Someone recently posted on the Classical Conversations Facebook page asking about catechisms that can be used with our children. There are many great resources (my family has used several different ones over the years), and I thought it might be helpful to list three great ones:
1. Truth and Grace Memory Book Set (Get it here.)
All 3 volumes contain 3 main features:
1) Key verses from Scripture for memorization
2) A selection of Christian hymns to learn
3) The complete text of major historical catechisms
The combination of these tools for instruction and worship make this set a superb aid in learning the great truths of the faith. Highly useful for children’s ministries, Sunday School, and home.
Book 1 covers ages 2 through 4th grade
Book 2 covers grades 5-8
Book 3 covers grades 9-12
Scripture quotations are in New King James Version
2. The New City Catechism (Get it here, available in book form and as a mobile app.)
The New City Catechism comprises only 52 questions and answers (as opposed to Heidelberg’s 129 or Westminster Shorter’s 107). There is therefore only one question and answer for each week of the year, making it simple to fit into church calendars and achievable for people with demanding schedules.
The New City Catechism is based on and adapted from Calvin’s Geneva Catechism, the Westminster Shorter and Larger catechisms, and especially the Heidelberg Catechism. This gives good exposure to some of the riches and insights across the spectrum of the great Reformation-era catechisms, the hope being that it will encourage people to delve into the historic catechisms and continue the catechetical process throughout their lives.
It is divided into three parts to make it easier to learn in sections and to include some helpful divisions:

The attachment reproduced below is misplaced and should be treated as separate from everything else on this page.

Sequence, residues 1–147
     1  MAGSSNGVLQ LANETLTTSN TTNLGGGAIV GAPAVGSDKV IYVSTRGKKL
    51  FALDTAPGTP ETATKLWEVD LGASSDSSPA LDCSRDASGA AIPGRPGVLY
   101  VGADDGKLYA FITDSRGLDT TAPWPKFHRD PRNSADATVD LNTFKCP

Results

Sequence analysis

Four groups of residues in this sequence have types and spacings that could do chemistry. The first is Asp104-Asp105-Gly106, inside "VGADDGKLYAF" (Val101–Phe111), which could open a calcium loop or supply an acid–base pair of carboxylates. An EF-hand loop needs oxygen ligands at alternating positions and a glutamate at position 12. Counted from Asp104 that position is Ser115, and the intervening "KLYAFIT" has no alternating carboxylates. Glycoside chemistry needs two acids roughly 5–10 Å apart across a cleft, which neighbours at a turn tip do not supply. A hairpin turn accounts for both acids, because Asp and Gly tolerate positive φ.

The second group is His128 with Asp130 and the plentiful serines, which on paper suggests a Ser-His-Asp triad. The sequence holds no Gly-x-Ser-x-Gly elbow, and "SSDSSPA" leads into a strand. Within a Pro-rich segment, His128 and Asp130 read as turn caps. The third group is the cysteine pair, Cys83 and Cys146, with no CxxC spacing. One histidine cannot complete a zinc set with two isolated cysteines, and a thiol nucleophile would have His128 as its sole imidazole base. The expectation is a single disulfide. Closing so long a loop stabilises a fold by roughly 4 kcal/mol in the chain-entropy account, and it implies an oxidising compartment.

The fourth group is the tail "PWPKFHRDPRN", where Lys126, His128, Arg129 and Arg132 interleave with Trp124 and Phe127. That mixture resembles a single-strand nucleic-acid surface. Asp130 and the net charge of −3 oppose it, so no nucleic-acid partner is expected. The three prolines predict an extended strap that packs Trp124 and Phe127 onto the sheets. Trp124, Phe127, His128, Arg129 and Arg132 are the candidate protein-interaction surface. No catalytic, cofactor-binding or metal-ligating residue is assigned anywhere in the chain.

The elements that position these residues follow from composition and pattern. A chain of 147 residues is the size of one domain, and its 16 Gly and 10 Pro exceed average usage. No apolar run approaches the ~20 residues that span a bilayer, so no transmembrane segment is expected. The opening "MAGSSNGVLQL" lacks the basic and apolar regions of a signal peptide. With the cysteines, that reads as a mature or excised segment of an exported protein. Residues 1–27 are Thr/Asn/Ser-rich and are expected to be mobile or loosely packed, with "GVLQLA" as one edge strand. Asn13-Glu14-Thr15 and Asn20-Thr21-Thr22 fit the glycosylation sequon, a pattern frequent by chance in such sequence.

Part 1: God, creation and fall, law (twenty questions)
Part 2: Christ, redemption, grace (fifteen questions)
Part 3: Spirit, restoration, growing in grace (seventeen questions)
As with most traditional catechisms, a Bible verse accompanies each question and answer. In addition, each question and answer is followed by a short commentary taken from the writings or sayings of a past preacher as well as a commentary from a contemporary preacher to help students meditate on and think about the topic being explored. Each question ends with a short, original prayer.
3. The Family Worship Book (Get it here.)
Though my family is Reformed Baptist and this book is written by a Presbyterian, I think we have used this book more than any other with our own boys. It includes the Westminster Shorter Catechism, and a whole treasure trove of other resources all in one book:
“A “who, what, where, why and how” of family worship. This hands-on, comprehensive guide to the “ancient paths” of devotion in the home provides what is essentially a domestic liturgy. Includes the texts of more than 100 psalms and hymns as well as schedules for scripture reading and memorization, all with the goal of salvation and sanctification in the home.”